Enjoy a fresh spring walk around Gosforth Nature this half term and find out about some of the wildlife you are likely to encounter in this latest blog.
Gosforth Nature Reserve is the perfect setting for a lovely relaxing walk, allowing you to admire the beauty of the new spring foliage and the blooms of wildflowers around the meadow and woodland edges. You can view an array of wetland birds from hides around the lake. Watch as ducks tend to ducklings and invertebrates fly across the ponds.
Not only is the reserve a sight to behold. It is also home to a cacophony of sounds from the singing woodland birds, each trying to attract a mate or stake out a territory. Close your eyes and immerse yourself in the sounds, how many different things can you hear?
As you are exploring the reserve have a look below for some of the spring wildlife highlights you may encounter.
Lady’s Smock, otherwise known as Cuckoo Flower, blooms in spring. The cluster of flowers has four pink-lilac petals with dark purple veins. This plant has round basal leaves with long narrow leaves further up the stem.
This plant can be found in wetter areas of the reserve, by the meadows adjacent to the ponds.
It is always worth paying close attention to the flowers of this plant for a small orange spot, the egg of the Orange-tip Butterfly, as the Lady’s Smock is the caterpillar’s foodplant.
Large Red Damselfly
The Large Red Damselfly has a long thin red abdomen, sectioned by black markings. They can be found around the various ponds in the nature reserve as well as the margins of the lake.
You may confuse this dragonfly with the Small Red Damselfly which looks superficially similar however, the Small Red Damselfly has a more southern distribution. The Large Red Damselfly also has a black spot around the tip of each pair of wings and black legs, both of which are lacking for the Small Red Damselfly.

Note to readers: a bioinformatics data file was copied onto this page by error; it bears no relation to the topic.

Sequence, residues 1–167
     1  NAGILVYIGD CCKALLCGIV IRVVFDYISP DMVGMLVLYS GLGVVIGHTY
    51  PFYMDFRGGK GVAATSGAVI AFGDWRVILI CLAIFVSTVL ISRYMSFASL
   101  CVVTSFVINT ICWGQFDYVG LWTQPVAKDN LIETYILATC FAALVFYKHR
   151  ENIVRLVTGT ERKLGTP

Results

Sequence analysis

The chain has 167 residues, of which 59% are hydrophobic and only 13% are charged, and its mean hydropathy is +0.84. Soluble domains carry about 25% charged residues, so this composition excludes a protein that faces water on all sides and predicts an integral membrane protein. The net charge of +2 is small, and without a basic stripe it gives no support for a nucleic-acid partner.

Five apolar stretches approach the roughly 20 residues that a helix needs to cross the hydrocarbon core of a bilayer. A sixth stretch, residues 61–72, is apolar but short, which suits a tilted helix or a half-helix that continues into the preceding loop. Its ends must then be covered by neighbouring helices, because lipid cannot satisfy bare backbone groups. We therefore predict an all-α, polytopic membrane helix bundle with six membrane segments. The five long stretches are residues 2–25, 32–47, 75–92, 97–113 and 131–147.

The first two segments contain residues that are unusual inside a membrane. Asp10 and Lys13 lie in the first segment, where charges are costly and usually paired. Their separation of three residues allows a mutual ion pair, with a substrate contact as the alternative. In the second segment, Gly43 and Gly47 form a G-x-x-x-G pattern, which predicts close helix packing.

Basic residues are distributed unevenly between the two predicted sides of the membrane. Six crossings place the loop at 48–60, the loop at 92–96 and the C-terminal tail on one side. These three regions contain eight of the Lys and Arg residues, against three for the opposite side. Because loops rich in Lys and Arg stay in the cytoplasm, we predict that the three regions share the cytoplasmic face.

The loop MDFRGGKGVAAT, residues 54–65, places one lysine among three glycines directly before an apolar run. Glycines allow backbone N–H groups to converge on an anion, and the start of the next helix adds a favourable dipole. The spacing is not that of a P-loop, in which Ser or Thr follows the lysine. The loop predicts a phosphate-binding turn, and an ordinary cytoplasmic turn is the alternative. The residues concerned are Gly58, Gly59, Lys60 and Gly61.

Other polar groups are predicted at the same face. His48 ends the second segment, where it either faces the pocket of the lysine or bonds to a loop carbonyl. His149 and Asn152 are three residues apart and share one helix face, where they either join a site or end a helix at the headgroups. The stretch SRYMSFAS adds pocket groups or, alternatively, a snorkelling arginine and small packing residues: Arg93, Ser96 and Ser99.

Speckled Wood Butterfly
This brown butterfly with cream-beige coloured eye spots can be found patrolling the clearings within the woodland areas of the reserve. Where they will bask on the leaves of bracken before taking flight as the temperature raises.
This butterfly has been doing increasingly well around the North East, likely spurred on by the warmer annual temperatures due to climate change.
This migrant arrives at Gosforth Nature Reserve from Africa, to breed in the spring and summer. This warbler is light brown to buffish in colour, with a pale to white throat. As its name suggests, it nests within the reeds, but can often be found around the margins of the Ridley and Beck hides where they will fly in and out of the reeds to hunt for insects.
Like the Reed Warbler, this bird also arrives to breed at the reserve from Africa. It has a prominent bright yellow eye stripe and dark brown and broken vertical bars running down its back from its nape.
You may often hear the Sedge Warbler’s song, which can sound scratchy with a lot of quick ‘zzzz…zzzz…zzzz’ before setting eyes on it.
This bird also nests around the margins of the lake in reeds and hedgerows where it also hunts for insects.